A Weekly Garden Schedule
My Gardening Routine
The gardening season never ends, there is always something to dream about, plan for, consider and buy. However, the actual season when I can get out and garden is relatively short so scheduling the work is a must.
December and January are the months when I look over my gardening journal or any notes I scribbled down during the past season. This is the first step in planning the coming year's garden. Now is the time to give thought to: what to plant or not to plant, move that there, try this here, and get something new, there is always a get something new in the plan. The plan may be quite simple, and often is in seasoned garden, but there is a plan and it gets reviewed as the months turn into weeks which morph into days before the gardening season officially begins.
The real, physical work begins when the snow is gone, sometime, hopefully in early April; once the garden thaws, I begin to add compost and renew mulch. In late May an dearly June the planting begins.
Once the garden is planted then the regular chores begin. I visit the garden every day and do a walk through. I enjoy being in the garden and have found that taking a few minutes, usually in early evening, to see what is going on is a good preventative tool.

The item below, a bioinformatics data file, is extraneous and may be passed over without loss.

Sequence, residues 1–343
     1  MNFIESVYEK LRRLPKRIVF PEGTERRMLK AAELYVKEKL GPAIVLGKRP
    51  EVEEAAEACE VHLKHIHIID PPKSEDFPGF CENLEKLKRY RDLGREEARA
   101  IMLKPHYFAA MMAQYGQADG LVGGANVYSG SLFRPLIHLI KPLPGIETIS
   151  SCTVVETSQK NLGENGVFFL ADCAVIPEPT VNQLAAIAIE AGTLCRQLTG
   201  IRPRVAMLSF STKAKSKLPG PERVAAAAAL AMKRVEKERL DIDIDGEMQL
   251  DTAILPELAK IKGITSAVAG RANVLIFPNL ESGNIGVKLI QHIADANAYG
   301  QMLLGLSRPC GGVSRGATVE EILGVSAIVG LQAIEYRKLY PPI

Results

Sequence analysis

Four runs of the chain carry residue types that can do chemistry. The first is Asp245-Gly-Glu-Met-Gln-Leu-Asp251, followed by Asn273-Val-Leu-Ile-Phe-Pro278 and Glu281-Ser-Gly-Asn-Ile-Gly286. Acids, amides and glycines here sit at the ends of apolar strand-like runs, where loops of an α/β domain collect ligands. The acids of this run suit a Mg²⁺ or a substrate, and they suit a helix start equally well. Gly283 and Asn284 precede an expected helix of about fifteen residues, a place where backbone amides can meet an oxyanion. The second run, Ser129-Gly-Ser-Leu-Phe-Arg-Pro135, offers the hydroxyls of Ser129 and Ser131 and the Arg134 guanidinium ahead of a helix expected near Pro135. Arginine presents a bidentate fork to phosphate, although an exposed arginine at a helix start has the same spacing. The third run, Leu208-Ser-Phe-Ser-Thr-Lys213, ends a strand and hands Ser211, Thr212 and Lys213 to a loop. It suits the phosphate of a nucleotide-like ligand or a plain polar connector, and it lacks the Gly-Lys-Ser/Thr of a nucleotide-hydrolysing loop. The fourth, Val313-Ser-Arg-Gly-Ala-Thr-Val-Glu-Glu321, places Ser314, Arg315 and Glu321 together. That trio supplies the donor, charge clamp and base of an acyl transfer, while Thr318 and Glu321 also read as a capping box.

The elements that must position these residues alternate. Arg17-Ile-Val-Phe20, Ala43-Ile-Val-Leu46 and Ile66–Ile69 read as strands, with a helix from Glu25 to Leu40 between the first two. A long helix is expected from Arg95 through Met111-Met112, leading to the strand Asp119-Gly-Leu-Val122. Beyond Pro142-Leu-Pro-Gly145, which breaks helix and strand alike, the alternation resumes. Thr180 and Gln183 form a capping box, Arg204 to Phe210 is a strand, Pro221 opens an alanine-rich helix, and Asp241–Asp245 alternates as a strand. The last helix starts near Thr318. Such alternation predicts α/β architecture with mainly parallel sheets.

As the season progresses, I look after chores such as deadheading and harvesting when taking the daily stroll through my garden.
About three weeks into the season I check the mulch and if needed add some, about a week later I will add compost so the soil can get feed.
If it has not rained in a week or if on my regular garden walks I notice he plants are looking limp I will water. I prefer to water in the morning and let the plants, actually the roots drink deep. Pay attention to rainfall, how often has it rained in the past weeks. This is good information to put in your garden journal.
Speaking of the journal, I update mine weekly, usually on Sunday evening. I do not carry the journal into the garden all the time and my memory could be better so I have a small notebook and a pen where I jot down anything I deem noteworthy. For example, how a new plant is doing, any surprise visitors, bot friendly and hungry one and weather conditions. This information will get transferred into my journal on Sundays.
I do not need to weed much, most of my gardens are relatively free from hunger pests and disease, going organic and taking that stroll really helps with quality control. I estimate that once the garden is in, I usually only need five to ten minutes per day to maintain. If watering is needed that adds to the time.
Mid-season, I spend a few minuets more foliar feeding and there is usually more to harvest, but any time in the garden is good time.